Rays-Guardians position-by-position breakdown

October 7th, 2022

If you love baseball solely for the long ball, um, Guardians-Rays might not be the series for you.

But if you love intelligently constructed clubs that revolve around great pitching, pesky hitting and good baserunning -- with a friendly little managerial rivalry mixed in -- then this best-of-three American League Wild Card Series that begins at noon ET on Friday at Progressive Field ought to be appealing.

The Guardians and Rays have operated similarly, building consistent contenders on a budget by constantly churning out pitching talent, identifying underrated offensive talent and making trades of established stars that certainly hurt in the moment but keep the pipeline percolating. Their managers -- Cleveland’s Terry Francona and Tampa Bay’s Kevin Cash -- are mentor and protégé, respectively, and used to engage in an annual prank war. Cash’s Rays teams have reached the postseason in four of his eight seasons, while Francona’s Cleveland clubs have made it six out of 10 times.

So these clubs are properly paired as they vie to advance to an AL Division Series date with the Yankees. Let’s see how they match up, position by position.

All stats are through Tuesday’s games.


The Rays were dealt a blow at the catching spot this year with Mike Zunino needing season-ending thoracic outlet syndrome surgery. They made a midseason trade for Christian Bethancourt to pair with Francisco Mejía, and it proved to be a solid move. Bethancourt was worth 1.2 fWAR for Tampa Bay in 45 games while providing league-average offense.

In Cleveland, the catching spot -- in which defense was prioritized -- has been an offensive wasteland, with primary catcher Austin Hedges turning in a sub-.500 OPS and backup Luke Maile faring only a bit better.

Advantage: Rays

First base

So ... this spot (and by extension, DH) is a little complicated, because both clubs rotate players and the edge on a given day could change based on the competition. But to keep it simple, we’ll pit the Guards’ Josh Naylor vs. the Rays’ Ji-Man Choi, as those are the two who have logged the most plate appearances at the position for their respective squads. Naylor bounced back from a gruesome calf and ankle injury to turn in a .766 OPS, 20 homers and 27 doubles. He had some huge clutch hits for Cleveland. Choi played in his most games (112) since 2019 (127), but his .708 OPS was more than 100 points lower than it was that year.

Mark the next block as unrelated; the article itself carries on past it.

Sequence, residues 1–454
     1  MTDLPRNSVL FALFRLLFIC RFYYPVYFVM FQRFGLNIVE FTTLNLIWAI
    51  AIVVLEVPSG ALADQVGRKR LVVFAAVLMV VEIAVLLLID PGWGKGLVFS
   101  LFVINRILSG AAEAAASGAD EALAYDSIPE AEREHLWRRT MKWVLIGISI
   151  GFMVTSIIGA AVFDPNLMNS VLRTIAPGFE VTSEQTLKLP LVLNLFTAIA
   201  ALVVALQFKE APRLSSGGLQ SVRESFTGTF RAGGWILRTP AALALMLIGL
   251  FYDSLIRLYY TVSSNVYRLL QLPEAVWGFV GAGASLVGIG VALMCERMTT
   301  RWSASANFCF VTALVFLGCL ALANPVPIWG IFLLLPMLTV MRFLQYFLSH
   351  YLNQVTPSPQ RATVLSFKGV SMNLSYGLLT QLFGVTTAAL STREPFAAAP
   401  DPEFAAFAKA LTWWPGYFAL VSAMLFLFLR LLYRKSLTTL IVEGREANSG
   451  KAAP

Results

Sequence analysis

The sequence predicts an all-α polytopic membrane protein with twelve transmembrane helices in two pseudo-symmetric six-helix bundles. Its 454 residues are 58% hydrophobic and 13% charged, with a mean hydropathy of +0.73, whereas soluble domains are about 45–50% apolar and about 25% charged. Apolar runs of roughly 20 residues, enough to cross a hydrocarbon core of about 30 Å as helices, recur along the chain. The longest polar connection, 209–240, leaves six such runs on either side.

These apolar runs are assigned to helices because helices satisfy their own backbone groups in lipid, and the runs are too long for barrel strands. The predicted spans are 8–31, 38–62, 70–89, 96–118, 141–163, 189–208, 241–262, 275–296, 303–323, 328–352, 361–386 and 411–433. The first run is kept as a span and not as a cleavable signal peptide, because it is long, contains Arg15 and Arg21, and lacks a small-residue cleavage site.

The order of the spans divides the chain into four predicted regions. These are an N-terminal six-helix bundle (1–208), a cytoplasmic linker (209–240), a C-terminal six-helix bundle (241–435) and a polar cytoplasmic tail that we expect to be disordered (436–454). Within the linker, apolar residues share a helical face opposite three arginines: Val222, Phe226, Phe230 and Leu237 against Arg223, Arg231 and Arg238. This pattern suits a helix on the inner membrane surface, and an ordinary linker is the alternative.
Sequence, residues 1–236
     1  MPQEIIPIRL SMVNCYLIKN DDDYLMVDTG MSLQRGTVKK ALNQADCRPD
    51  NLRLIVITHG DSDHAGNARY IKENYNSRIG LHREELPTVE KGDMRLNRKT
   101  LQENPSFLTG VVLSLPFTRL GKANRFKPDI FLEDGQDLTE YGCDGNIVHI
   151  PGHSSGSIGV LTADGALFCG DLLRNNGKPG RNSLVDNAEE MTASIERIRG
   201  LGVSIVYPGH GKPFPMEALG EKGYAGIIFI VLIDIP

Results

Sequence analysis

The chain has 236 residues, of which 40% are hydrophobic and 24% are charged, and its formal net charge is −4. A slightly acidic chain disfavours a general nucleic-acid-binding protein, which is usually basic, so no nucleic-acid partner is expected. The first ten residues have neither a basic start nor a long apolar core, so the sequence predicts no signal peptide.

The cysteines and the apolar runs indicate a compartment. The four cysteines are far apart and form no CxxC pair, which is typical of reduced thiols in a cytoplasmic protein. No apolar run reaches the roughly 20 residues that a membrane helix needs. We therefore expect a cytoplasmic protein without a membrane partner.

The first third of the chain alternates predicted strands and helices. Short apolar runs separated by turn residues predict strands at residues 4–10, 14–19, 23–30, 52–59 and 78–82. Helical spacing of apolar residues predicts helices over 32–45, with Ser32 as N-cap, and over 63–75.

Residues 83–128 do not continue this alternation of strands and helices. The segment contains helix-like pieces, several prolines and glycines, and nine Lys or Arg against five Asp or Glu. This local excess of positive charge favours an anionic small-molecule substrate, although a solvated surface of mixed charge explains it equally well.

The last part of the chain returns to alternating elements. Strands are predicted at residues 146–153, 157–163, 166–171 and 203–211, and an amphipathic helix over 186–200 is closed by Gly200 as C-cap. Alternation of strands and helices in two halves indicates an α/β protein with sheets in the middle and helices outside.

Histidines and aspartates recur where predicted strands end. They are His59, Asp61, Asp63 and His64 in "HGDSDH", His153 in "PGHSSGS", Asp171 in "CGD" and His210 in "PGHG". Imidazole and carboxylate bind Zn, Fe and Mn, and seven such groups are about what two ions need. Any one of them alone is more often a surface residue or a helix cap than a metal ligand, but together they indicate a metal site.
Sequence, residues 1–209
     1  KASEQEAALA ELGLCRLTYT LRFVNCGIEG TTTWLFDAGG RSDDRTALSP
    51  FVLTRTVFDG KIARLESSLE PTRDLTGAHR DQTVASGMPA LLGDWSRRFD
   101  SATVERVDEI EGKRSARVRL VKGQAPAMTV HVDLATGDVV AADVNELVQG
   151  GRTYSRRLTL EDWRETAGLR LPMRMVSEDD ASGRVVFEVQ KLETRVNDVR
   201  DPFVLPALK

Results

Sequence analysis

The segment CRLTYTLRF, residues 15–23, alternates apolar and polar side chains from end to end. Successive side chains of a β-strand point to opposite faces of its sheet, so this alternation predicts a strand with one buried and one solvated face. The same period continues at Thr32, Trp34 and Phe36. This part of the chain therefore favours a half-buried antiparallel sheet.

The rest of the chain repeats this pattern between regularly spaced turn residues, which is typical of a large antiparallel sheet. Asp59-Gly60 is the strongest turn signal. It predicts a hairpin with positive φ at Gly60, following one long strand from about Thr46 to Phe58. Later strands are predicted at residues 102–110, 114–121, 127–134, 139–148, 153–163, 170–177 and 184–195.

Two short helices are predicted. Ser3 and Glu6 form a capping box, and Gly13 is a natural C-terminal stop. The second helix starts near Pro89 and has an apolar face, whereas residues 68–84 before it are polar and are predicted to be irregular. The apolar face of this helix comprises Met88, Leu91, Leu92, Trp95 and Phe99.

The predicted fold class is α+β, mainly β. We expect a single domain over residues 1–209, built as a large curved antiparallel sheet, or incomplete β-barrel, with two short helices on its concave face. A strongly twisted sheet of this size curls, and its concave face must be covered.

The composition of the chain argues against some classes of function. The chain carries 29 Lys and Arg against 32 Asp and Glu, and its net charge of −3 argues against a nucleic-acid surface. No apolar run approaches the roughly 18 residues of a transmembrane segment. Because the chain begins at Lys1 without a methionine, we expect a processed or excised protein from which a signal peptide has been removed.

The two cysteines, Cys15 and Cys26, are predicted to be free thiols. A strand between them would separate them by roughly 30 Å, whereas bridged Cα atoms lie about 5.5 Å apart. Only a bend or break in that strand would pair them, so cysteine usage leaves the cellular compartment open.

Advantage: Guardians

Second base

This is another spot where the Rays were dealt an injury blow. Brandon Lowe hasn’t played since Sept. 11 because of a back issue that ended his season. They’ve tried to piece it together with Isaac Paredes, Vidal Brujan and Taylor Walls.

Francisco Lindor trade acquisition Andrés Giménez’s All-Star breakout is a huge reason why the Guardians stormed to the top of the Central. Among all qualified AL second basemen, Giménez’s 141 weighted runs created plus and 6.2 fWAR ranked behind only the Astros’ Jose Altuve.

Big advantage: Guardians


This position is a lot closer than we would have guessed going into the year, because the Rays’ Wander Franco missed nearly three months with a hamate fracture, and another Lindor trade acquisition -- Amed Rosario -- hustled his way to a solid .283/.313/.405 slash and an MLB-high nine triples.

Even though Franco has been compromised this year, he has still managed a .277/.328/.417 slash in roughly half a season of play, and his outstanding performance in the ALDS against Boston last year (7-for-19 with two homers and two doubles) at age 20 was proof that the stage and the moment are not too big for this burgeoning superstar.

Advantage: Rays

Third base

Speaking of superstars, José Ramírez is the choice here. The Guardians signed him to an extension at the start of the season, and his high-energy, high-impact style of play is their guiding force. Though his production dove after a midseason thumb injury, Ramírez nevertheless had an extra-base hit total (77) second only among MLB third basemen to the Braves’ Austin Riley, and none drove in more runs (124).

All that said, this is another position much closer than we would have thought, because former Cleveland product Yandy Díaz had a fantastic year, with a .296/.401/.423 slash and a career-high 33 doubles.

Advantage: Guardians

Left field

What a year for Steven Kwan. The rookie looked poised and polished from day one, setting a record for most pitches (116) without a swing and miss to start a career and never looking back. Kwan became the leadoff igniter for the young Guardians, with a .299 average and a .372 on-base percentage. He also provides Gold Glove-worthy defense in left. He will receive AL Rookie of the Year votes.